To better see all uses of the word
metaphor
in
Middlemarch
please enable javascript.

metaphor
Used In
Middlemarch
Go to Book Vocabulary
Go to Word Detail
  • In this way, metaphorically speaking, a strong lens applied to Mrs. Cadwallader’s match-making will show a play of minute causes producing what may be called thought and speech vortices to bring her the sort of food she needed.
  • It was this which made Dorothea so childlike, and, according to some judges, so stupid, with all her reputed cleverness; as, for example, in the present case of throwing herself, metaphorically speaking, at Mr. Casaubon’s feet, and kissing his unfashionable shoe-ties as if he were a Protestant Pope.
  • Poor Mr. Casaubon had imagined that his long studious bachelorhood had stored up for him a compound interest of enjoyment, and that large drafts on his affections would not fail to be honored; for we all of us, grave or light, get our thoughts entangled in metaphors, and act fatally on the strength of them.
  • But the fighting with Mr. Farebrother must be of a metaphorical kind, which was much more difficult to Fred than the muscular.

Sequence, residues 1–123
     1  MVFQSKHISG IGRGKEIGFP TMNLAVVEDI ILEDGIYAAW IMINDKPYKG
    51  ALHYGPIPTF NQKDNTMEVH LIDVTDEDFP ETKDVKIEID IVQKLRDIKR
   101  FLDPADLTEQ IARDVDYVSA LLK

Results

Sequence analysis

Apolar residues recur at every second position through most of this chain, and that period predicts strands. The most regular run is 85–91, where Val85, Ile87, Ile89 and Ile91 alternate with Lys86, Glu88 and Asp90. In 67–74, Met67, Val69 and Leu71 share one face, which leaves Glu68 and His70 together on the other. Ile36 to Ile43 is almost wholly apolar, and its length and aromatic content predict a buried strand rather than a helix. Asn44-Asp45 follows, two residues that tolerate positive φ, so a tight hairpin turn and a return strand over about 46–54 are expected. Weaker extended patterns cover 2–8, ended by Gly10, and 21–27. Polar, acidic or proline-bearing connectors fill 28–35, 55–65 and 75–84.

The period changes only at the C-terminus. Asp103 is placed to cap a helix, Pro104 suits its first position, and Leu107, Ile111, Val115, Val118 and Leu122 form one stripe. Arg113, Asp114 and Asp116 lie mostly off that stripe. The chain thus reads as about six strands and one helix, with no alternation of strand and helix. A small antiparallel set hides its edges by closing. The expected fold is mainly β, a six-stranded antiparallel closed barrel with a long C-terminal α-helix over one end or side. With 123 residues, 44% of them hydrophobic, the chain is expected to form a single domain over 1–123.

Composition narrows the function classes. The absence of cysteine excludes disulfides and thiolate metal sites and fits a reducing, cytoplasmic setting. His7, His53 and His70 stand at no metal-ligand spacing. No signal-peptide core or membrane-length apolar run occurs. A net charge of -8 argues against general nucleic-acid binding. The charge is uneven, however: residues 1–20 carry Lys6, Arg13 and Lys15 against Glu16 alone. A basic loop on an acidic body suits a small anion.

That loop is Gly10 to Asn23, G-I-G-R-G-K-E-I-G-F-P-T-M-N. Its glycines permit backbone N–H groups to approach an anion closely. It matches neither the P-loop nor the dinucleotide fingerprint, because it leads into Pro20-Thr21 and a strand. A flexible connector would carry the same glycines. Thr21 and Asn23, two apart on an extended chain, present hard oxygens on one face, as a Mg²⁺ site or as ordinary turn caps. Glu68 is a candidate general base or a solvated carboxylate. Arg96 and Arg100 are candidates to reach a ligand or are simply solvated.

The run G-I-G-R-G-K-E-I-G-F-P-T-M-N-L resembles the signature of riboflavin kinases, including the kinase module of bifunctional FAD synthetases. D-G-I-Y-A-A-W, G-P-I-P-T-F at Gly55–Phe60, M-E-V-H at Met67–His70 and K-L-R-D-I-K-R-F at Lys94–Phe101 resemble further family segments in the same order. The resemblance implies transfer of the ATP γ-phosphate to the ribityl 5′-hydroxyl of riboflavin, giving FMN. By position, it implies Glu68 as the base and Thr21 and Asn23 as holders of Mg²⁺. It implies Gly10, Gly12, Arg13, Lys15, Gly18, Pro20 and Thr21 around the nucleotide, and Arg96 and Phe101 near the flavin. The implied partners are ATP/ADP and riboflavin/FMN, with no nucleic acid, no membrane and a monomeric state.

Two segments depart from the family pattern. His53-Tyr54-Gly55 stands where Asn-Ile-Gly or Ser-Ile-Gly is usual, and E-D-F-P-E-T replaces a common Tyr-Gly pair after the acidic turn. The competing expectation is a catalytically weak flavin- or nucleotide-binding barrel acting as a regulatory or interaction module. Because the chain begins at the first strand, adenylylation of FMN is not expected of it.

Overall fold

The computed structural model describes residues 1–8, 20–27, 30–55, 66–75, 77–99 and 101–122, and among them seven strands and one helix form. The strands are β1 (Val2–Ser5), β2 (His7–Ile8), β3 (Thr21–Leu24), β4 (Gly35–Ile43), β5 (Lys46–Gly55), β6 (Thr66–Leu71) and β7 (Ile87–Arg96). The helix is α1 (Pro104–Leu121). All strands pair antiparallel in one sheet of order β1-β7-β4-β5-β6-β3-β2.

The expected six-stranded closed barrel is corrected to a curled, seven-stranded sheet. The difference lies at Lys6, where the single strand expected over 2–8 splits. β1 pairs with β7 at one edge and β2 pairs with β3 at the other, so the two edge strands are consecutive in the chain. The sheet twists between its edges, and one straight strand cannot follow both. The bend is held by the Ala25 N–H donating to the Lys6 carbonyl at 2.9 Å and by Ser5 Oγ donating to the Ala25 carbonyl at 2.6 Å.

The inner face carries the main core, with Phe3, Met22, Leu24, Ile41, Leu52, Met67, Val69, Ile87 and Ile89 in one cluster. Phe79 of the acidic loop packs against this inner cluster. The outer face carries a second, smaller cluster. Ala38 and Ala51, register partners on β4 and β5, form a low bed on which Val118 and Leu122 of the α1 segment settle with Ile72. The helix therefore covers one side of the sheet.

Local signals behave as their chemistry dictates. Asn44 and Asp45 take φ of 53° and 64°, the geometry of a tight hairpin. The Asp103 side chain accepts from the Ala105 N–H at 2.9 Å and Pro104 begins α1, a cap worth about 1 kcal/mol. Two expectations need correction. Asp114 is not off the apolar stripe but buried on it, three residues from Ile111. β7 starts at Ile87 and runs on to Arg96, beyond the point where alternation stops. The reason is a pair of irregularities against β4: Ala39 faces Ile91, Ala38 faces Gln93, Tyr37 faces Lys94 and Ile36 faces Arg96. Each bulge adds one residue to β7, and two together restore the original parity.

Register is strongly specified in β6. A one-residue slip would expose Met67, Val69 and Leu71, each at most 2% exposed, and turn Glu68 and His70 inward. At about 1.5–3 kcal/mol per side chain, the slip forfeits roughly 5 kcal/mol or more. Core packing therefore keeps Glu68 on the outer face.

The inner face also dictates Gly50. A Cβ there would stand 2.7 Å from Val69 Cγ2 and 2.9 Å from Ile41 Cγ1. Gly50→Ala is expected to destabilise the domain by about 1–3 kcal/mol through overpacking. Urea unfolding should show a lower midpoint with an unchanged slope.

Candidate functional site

• The broken metaphor and bad logic of motive which had stirred his hearer’s contempt were quite consistent with a mode of putting the facts which made it difficult for Lydgate to vent his own indignation and disappointment.
  • Metaphors and precedents were not wanting; peculiar spiritual experiences were not wanting which at last made the retention of his position seem a service demanded of him: the vista of a fortune had already opened itself, and Bulstrode’s shrinking remained private.
  • "You have at all events taken your share in using good practical precautions for the town, and that is the best mode of asking for protection," said Lydgate, with a strong distaste for the broken metaphor and bad logic of the banker’s religion, somewhat increased by the apparent deafness of his sympathy.

  • There are no more uses of "metaphor" in the book.


    Show samples from other sources
  • He was speaking metaphorically when he referred to being mugged by reality.
  • It was falling so hard that it looked like white sparks (and this is a simile, too, not a metaphor).
    Mark Haddon  --  The Curious Incident of the Dog in the Night-time

  • Go to more samples
Go to Book Vocabulary
verbalworkout.com . . . enhancing vocabulary while reading